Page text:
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‘Risky decisions’ and why our brains make it so easy for us to gamble

| | September 27, 2018

new study by a team from Johns Hopkins University appears to have identified a region of the brain that plays a critical role in risky decisions. Published September 20 in Current Biology, the authors analyzed the behavior of rhesus monkeys, who share similar brain structure and function to our own. And like us, they are risk-takers, too.

First the authors trained two monkeys to “gamble” against a computer to win drinks of water. Then they had to choose between a 20 percent chance of receiving 10 milliliters of water versus a far more reliable 80 percent chance of getting only three milliliters. The monkeys overwhelmingly took the gamble.

Previous work has shown a brain region called the supplementary eye field (SEF) is, along with regulating eye movements, also involved in decision-making. When the authors suppressed SEF activity by cooling the region with an external metal plate—a process that is harmless and reversible—the monkeys were 30 to 40 percent less likely to make risky bets.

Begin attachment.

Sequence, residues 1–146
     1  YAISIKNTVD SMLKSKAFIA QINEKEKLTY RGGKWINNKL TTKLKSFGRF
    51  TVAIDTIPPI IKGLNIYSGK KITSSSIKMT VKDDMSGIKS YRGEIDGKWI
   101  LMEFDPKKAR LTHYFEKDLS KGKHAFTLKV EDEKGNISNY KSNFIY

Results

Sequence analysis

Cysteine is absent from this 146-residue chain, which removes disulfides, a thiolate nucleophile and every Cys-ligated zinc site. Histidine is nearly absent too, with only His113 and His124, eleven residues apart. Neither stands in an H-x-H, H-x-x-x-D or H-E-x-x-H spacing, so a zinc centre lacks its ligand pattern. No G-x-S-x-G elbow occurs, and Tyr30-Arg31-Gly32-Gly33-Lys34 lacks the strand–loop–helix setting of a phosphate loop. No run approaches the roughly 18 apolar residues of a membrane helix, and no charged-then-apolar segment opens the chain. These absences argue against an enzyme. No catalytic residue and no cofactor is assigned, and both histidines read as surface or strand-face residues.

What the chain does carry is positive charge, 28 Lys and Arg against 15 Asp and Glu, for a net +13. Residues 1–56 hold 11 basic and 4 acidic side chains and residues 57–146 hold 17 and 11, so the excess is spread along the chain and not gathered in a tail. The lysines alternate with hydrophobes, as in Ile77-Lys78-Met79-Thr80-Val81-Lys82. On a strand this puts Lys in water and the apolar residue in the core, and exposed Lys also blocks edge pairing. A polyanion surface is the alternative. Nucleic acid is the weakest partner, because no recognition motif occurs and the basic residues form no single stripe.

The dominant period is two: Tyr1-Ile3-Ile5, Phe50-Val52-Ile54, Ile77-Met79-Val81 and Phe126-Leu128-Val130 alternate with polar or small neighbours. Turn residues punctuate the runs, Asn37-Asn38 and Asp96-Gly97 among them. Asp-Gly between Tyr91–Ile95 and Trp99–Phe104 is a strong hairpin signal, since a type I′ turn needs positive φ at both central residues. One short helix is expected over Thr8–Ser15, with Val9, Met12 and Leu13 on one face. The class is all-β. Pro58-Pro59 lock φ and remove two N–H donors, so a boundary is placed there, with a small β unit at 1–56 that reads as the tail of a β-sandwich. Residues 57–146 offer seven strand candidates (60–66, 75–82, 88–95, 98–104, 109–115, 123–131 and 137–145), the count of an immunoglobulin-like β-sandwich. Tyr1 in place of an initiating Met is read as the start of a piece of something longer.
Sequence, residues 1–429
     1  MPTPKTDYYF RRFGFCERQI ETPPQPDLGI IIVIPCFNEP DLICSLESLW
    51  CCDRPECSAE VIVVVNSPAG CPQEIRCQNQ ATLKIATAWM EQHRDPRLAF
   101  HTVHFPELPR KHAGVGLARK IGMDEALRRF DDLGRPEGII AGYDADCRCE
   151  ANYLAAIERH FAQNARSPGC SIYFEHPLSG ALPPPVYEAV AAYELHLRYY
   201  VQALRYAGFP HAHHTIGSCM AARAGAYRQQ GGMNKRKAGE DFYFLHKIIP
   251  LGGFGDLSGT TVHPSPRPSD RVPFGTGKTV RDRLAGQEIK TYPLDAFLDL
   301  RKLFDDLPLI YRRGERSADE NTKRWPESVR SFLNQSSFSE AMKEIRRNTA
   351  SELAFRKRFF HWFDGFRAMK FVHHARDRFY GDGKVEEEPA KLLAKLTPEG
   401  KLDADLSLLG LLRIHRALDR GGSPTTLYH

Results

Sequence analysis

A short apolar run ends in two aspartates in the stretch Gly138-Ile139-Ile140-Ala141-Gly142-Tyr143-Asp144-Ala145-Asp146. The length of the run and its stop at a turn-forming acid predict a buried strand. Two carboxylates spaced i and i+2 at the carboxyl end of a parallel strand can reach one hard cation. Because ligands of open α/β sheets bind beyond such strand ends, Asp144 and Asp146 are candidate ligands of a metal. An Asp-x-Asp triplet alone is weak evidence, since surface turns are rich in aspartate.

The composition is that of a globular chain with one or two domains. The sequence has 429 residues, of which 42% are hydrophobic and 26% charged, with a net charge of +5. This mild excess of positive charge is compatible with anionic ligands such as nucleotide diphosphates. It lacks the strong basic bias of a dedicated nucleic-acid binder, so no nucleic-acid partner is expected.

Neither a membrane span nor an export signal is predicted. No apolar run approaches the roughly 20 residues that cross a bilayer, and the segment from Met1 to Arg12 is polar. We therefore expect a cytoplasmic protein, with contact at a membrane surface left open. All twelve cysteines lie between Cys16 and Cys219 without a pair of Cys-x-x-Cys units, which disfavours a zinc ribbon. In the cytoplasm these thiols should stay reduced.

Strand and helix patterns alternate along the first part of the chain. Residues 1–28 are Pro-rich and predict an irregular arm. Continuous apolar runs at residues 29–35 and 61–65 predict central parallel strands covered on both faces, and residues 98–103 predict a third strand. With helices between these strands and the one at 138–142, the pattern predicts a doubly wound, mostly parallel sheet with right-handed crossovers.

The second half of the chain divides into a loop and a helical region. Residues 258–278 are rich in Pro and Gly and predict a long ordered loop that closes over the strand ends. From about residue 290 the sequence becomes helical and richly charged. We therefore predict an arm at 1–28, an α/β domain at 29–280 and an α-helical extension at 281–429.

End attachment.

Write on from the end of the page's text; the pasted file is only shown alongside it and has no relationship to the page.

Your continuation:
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“We do not understand the risk-taking network in the brain well enough to think about therapeutic implications,” [co-author Veit Stuphorn] says. “But as our understanding increases, there is hope for better behavioral interventions based on a better understanding of the factors that drive risky decisions. And in the long run possibly direct interventions in the form of brain stimulation.”

Read full, original post: “Gambling Brain” Studies Make Clear Why It’s Hard to Stop Rolling the Dice

The GLP aggregated and excerpted this article to reflect the diversity of news, opinion, and analysis. Click the link above to read the full, original article.

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